A woman and her uncommunicative neighbours closely
|35mm. 10mins. Supported by the British Council and in development by NFM/UK Film Council as a feature film.|
|MAIN CAST & CREW|
|Director, Producer & Co-Writer:||Mark Gutteridge Procession, Revisited|
|Co-writer:||Aidan Lean Renegade Airwaves BBC|
|Director Of Photography:||Dick Pope BSC Oscar nomination 2007 for “Best Cinematography” – The Illusionist, Orson Welles And Me, Happy-Go-Lucky, Angus Thongs And Perfect Snogging, Honeydripper, Vera Drake, Secrets & Lies|
|Editor||Ian Seymour First Assistant Editor: The Proposition, Donnie Brasco, Secrets & Lies, Four Weddings And A Funeral & Tamsin Jeffrey First Assistant Editor: Stardust|
|Sound||Jack Gillies Supervising Sound Editor – BBC’s The Last Enemy.
Mark Appleby Harry Potter And The Half Blood Prince, Elizabeth: The Golden Age, 28 Days Later, Star Wars III
|Music||Rhodri Davies arrangement on harp|
|Featuring:||Jenny Agutter Bafta & Emmy award winner, The Railway Children, Walkabout, Logan’s Run, Equus, An American Werewolf in London, The Alan Clark Diaries
Marc Warren Wanted, Band Of Brothers, Hellraiser, Hustle, BBC’s Dracula
David Calder Goya’s Ghosts, James Bond 007 The World is not Enough, BBC’s Julian Fellowes Investigates
|Best Screenplay Award||2009 The End Of The Pier International Film Festival, UK|
|Special Mention Award||2008 Northern Lights Film Festival, UK|
|Special Mention Award||2008 Passau International Film Festival, Germany|
|Honorary Mention Award||2009 Australian Film Week, Sydney, Australia|
|CIFF Rising Star Award||2009 Canada International Film Festival, Vancouver, Canada|
|Premiere||2008 Brooklyn International Film Festival, NY, USA|
|Broadcast Premiere||2009 Sky TV - France & UK|
|Opening Film at||2009 European Independent Film Festival, Paris, France|
|Opening Film at||2008 Woodstock Film Festival, NY, USA|
|Opening Film at||2008 Tirana International Film Festival, Albania|
|Opening Film at||2008 Salford Film Festival, Manchester, UK|
|Official Selection||2008 Filmstock Film Festival, UK|
|Official Selection||2009 Glimmer: Hull International Film Festival, UK|
|Official Selection||2009 Molodist International Film Festival, Ukraine|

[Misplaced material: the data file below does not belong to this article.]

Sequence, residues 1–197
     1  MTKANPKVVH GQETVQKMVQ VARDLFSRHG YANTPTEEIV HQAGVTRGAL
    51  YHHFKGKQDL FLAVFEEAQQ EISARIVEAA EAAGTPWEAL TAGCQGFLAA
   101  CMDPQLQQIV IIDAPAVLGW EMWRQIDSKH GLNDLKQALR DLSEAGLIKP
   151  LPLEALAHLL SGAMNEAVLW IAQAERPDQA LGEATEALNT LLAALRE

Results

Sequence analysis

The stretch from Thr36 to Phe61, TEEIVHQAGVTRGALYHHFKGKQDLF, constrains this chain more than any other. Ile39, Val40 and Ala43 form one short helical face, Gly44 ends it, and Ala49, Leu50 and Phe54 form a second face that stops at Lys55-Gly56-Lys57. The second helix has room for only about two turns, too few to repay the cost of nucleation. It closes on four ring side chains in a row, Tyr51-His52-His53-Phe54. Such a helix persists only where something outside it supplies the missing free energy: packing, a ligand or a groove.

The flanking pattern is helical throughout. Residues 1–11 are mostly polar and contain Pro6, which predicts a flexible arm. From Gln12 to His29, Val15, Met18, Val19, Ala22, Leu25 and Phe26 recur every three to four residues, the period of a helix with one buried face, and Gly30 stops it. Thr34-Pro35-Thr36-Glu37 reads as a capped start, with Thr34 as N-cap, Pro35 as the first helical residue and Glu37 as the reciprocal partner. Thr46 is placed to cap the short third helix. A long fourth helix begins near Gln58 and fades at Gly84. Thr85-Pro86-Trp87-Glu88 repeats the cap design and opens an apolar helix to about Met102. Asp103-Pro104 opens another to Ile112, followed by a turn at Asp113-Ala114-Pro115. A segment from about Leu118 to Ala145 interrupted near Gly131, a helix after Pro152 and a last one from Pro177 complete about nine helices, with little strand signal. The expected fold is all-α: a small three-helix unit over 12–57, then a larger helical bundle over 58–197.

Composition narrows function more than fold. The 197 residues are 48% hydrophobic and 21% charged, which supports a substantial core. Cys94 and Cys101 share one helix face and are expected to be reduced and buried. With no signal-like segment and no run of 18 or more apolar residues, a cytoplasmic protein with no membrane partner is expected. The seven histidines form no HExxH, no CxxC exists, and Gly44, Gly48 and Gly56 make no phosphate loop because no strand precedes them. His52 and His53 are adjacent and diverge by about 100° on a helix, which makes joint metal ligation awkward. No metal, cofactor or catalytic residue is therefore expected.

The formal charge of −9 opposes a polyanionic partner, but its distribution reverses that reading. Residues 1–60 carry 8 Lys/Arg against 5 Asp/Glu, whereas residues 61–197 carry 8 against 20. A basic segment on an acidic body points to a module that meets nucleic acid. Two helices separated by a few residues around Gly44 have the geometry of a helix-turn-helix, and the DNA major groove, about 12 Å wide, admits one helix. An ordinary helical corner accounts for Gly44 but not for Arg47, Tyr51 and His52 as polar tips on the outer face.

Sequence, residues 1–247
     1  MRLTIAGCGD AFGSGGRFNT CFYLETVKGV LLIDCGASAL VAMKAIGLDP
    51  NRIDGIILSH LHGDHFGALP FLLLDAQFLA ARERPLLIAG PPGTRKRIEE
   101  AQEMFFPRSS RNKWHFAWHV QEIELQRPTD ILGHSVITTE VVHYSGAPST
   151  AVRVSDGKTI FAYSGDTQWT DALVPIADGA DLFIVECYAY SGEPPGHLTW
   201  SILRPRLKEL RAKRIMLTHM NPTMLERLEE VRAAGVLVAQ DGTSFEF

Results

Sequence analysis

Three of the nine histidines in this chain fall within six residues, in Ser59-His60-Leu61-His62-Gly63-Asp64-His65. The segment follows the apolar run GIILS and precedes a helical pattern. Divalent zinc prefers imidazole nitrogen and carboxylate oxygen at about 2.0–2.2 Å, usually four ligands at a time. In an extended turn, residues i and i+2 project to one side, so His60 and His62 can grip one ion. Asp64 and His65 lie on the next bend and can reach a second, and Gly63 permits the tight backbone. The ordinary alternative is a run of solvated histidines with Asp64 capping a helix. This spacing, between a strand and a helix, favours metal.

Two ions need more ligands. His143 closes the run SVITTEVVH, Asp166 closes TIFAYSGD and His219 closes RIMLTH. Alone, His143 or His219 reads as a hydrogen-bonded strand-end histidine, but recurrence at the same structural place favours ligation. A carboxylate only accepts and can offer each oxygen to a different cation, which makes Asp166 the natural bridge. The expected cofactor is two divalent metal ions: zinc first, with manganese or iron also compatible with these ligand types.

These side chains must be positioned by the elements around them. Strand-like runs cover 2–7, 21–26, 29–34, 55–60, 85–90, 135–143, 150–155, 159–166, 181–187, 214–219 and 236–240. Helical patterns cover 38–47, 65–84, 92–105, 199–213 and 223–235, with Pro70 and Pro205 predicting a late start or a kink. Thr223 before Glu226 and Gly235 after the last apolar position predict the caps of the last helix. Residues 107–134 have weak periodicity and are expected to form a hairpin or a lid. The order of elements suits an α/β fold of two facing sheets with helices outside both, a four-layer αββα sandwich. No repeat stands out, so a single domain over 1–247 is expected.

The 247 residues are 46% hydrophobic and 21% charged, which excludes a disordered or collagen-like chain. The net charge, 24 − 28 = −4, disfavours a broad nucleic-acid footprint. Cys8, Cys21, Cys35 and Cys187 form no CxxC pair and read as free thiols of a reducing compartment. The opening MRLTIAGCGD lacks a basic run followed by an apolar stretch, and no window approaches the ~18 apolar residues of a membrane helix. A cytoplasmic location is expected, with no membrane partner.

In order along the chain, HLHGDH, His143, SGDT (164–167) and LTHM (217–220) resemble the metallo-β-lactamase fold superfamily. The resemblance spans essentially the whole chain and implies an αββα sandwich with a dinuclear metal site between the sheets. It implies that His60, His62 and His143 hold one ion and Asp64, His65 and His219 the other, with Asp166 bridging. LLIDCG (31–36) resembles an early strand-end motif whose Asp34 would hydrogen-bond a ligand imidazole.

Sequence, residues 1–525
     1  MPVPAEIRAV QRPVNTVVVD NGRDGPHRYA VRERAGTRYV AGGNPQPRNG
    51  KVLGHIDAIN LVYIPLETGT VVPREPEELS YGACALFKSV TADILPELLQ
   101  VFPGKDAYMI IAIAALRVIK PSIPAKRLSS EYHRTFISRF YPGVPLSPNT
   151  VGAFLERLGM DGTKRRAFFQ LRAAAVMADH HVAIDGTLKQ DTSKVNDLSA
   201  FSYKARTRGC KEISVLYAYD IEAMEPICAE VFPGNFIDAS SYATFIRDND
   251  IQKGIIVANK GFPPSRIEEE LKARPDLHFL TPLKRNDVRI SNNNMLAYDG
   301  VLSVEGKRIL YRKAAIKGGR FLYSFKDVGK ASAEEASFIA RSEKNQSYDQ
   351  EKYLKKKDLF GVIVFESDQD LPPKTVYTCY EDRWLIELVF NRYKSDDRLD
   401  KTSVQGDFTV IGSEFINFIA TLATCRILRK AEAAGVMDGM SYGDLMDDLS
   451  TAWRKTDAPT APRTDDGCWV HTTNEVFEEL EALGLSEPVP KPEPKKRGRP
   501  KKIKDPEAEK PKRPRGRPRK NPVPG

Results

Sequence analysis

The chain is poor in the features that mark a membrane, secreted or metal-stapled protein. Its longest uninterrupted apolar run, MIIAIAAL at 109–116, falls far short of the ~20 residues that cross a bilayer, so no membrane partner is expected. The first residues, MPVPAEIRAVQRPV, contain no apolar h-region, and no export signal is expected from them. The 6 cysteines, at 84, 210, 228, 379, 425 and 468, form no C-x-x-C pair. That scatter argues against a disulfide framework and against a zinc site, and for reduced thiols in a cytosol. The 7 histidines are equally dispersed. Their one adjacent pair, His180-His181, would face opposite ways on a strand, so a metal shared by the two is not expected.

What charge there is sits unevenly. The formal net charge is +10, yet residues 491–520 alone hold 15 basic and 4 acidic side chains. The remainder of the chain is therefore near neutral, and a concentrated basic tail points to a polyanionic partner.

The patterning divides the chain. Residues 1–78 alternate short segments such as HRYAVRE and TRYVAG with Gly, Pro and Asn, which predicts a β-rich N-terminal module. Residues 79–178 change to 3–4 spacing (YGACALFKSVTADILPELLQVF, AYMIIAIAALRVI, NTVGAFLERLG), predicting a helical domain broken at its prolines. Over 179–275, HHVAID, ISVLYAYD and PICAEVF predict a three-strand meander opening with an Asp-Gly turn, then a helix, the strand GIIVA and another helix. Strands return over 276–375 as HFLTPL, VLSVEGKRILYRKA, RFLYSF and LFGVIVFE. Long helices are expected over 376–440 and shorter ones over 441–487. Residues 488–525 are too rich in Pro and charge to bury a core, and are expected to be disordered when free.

|Academy award nomination eligible festivals:|
|Official Selection||2009 Palm Springs International Short Film Festival & Market, USA|
|Official Selection||2009 Short Shorts International Film Festival & Asia, Tokyo, Japan|
|Official Selection||2008 Foyle Film Festival – The Northern Ireland International Film Festival|
Marc Warren “Superb” in Intercom - The Paris Times / IVY Paris News
“Life, death and shared cameras are the foundations of modernity” in Intercom – The Mindanao Examiner
“Modern interpretation of the story of Adam & Eve” - Final Cut
“The best screenplay…” - Film International, Sweden
"The best short script and the only one I've ever wanted to be involved with" - Dick Pope, 2007 Oscar nominated cinematographer and regular Mike Leigh collaborator
“It was a pleasure to meet and work with Mark” - Bafta and Emmy award winning actress Jenny Agutter
See home page for news and interview with Mark on Intercom.
Cinematographer Dick Pope was on board early on and shot Intercom prior to gaining his Oscar nomination this year. Having spent his career turning down short films, he decided Intercom was an exception.
Co-writer, Producer and Director Mark Gutteridge cast the film and waited for artist availability. The planets lined up when Marc Warren suddenly had free time at short notice, which meant there was just two days to confirm crew and reconfirm locations. So Mark G ended up line producing and production managing, which was, “an experience” according to Mark. Having also co-written it meant that he was good for answering questions and making changes!
Shooting on location helped to minimise costs, as well as free camera rental from Panavision and (almost) free lighting. Thanks also to many people and companies in post-production who also gave their services.
Regarding the shoot Mark says, “The actors knew how to use the camera so we could concentrate on what was happening in the scene therefore the shoot ratio was kept down. Later that started making it economic to shoot a rehearsal, to see if the initial freshness worked best.
Jenny was wondering about different ways her character might react to what she’s seeing on the intercom in a particular scene. It was close up, a long take and her eye line was straight to camera with nothing to bounce off. I asked her to imagine her character being at the Colosseum in ancient Rome, getting a kick out of what she’s watching but then correcting herself. On the next take all she did was think it and her doing that saved time and film not taken for granted when you’ve been used to working with members of the public etc.
- Serendipity can play a useful part too though. A supporting artist took several takes trying to hang up a phone correctly. In all fairness it was the last set up of the day but the man playing her husband in the shot grabbed it from her during a take and hung it up himself. It happened to work well for the scene and get it done so that was the one we used”!
Mark had been mostly shooting on HD recently but wanting an analogue look for this story, opted for 35mm and Kodak Vision 2 for breadth of conditions. The timeline covers early morning, daytime and evening light with exteriors and interiors. Keeping post-production and grading optical without going the DI route meant that it’s not just more detailed but also a more lucid and transparent experience for a cinema audience. It also served to create the slightly older look Mark was after and at 24fps offers a pace that suited the characters.